My eating disorder is no longer the most important thing in my life. I’ve come to a place where I care about being alive for at least one more day and also being a positive force in the world. An eating disorder, or any kind of addiction, is an incredibly selfish disease and one that affects a whole community of people. It’s never something that someone suffers with alone. My addiction affected my parents. It cost them thousands and thousands of dollars to put me through rehab and to fly to Buffalo to save me after I injured myself horribly jumping from a moving freight train. It affected my boyfriend at the time, who was struggling with his own addiction. It hurt all of the friends I alienated. The people I knew in rehab and the people I knew afterward, it affected them, too. Countless, countless people. The students who were in my class when I was student teaching, who I’m sure knew that I was going through something awful. My mentor at the high school where I was teaching, who found me in the supply closet crying into a tissue, who had invested so many hours in my training and was relying on me daily. I then had to abandon my post to go recover in a different state. I dropped out of school. I was just not responsible for anyone or anything. I realize that now. Not that I regret anything, because I’ve learned so much from that experience, but I sincerely wish I hadn’t hurt so many people with my disease. I think only in that way is it an individual responsibility. It’s not my fault that I was anorexic, but it was my responsibility to do something about it.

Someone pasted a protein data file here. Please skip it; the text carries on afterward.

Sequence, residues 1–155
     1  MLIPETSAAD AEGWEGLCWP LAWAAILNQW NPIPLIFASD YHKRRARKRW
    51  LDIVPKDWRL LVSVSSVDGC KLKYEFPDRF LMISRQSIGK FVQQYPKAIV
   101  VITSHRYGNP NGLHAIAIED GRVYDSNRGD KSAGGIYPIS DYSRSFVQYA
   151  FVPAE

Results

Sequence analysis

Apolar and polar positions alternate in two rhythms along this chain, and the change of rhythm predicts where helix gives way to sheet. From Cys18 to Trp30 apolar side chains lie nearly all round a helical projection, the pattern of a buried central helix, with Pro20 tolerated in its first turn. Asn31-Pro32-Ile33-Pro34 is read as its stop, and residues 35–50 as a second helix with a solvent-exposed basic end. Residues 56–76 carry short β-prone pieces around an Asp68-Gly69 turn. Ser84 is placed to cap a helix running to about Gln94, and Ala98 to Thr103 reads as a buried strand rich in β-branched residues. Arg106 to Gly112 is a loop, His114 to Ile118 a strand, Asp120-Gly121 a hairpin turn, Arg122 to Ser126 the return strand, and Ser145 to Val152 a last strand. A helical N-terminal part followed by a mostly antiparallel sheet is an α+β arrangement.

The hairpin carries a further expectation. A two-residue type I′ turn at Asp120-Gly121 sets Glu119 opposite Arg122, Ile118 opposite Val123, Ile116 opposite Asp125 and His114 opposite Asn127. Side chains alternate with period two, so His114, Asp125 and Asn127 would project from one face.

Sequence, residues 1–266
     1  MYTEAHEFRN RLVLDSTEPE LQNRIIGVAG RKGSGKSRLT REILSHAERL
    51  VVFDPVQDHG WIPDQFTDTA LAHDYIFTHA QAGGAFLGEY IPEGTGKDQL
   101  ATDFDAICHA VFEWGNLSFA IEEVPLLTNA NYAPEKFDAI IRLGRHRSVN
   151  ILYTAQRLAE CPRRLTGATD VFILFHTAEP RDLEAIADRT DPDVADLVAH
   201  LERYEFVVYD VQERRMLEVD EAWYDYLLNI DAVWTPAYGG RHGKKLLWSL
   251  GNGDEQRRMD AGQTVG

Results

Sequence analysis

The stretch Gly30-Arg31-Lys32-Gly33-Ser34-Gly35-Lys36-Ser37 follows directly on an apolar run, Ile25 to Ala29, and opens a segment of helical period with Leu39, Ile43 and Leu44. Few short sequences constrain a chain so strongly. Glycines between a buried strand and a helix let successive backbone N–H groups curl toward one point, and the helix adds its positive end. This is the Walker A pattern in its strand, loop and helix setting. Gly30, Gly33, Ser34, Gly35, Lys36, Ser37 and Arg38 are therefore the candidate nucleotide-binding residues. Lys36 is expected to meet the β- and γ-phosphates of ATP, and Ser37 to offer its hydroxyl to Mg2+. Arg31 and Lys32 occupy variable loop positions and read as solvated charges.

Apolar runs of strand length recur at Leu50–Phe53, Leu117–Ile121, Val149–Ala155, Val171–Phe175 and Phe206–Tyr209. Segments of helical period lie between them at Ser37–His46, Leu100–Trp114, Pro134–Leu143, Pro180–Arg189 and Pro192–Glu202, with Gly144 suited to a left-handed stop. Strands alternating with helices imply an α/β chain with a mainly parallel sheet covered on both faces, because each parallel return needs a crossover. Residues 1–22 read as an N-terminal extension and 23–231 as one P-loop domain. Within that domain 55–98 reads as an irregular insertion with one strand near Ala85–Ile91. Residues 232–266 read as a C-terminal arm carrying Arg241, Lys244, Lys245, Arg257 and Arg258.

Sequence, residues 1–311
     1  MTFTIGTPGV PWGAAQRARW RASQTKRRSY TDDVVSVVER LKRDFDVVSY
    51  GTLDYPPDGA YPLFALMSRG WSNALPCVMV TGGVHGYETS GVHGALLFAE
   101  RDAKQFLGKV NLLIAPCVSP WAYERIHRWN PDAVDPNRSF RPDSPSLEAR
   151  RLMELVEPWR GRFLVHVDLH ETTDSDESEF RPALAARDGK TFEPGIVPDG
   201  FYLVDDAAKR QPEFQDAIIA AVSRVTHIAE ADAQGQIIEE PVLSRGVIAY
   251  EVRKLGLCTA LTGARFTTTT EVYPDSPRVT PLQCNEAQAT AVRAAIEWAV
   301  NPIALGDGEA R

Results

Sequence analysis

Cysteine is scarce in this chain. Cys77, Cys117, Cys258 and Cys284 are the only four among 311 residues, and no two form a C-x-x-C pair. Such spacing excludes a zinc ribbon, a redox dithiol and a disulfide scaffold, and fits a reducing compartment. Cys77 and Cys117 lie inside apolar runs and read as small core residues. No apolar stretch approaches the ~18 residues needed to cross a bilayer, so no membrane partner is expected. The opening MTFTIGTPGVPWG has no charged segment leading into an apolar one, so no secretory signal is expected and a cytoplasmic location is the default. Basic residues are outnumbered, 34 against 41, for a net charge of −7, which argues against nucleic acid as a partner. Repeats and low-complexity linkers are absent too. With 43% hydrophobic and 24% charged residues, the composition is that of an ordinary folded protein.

KF: Along those lines, in another interview you talked about how you want this tour to partially be a conversation about problems in our culture. What are some subjects you hope to talk about when you meet with readers? I know it’s a vast topic, but what are some of the ideas you’ve been forming about how we talk about women’s bodies, about food, about Americans’ values, and Americans’ approach to food?

SG: I think the way that we talk about food is pretty unhealthy. I don’t even know where to begin. Just walk around a grocery store and see how things are marketed. Start there. We have all kinds of hidden ingredients in our food. Things that are addictive and that these companies know full well are poisonous. Companies just lie and lie about what they’re selling to people and what it should mean to them emotionally, and how it should be integrated into our lives. I can’t believe that Lunchables even exist, with the way that they’re designed, down to their ingredients and the shapes of the meat slices, and the arrangement of the different elements. They’re marketed to families, particularly low-income families, and made of complete crap—white flour, salt and sugar, that’s it. And they’re marketed to people who systemically don’t have the time or money to make healthier choices for their children, and who, in that way, are fully taken advantage of. This is how processed food perpetuates socioeconomic and racial inequality in our country. And that’s just the beginning, because as children grow up, they learn to associate these foods with happy memories—in the lunchroom with their friends, for example—on top of which, these foods are designed to produce chemically pleasurable feelings, when there is really nothing nutritious about them. In fact, they’re terribly unhealthy, and have been linked to rising rates of cancer, diabetes, heart disease, and obesity.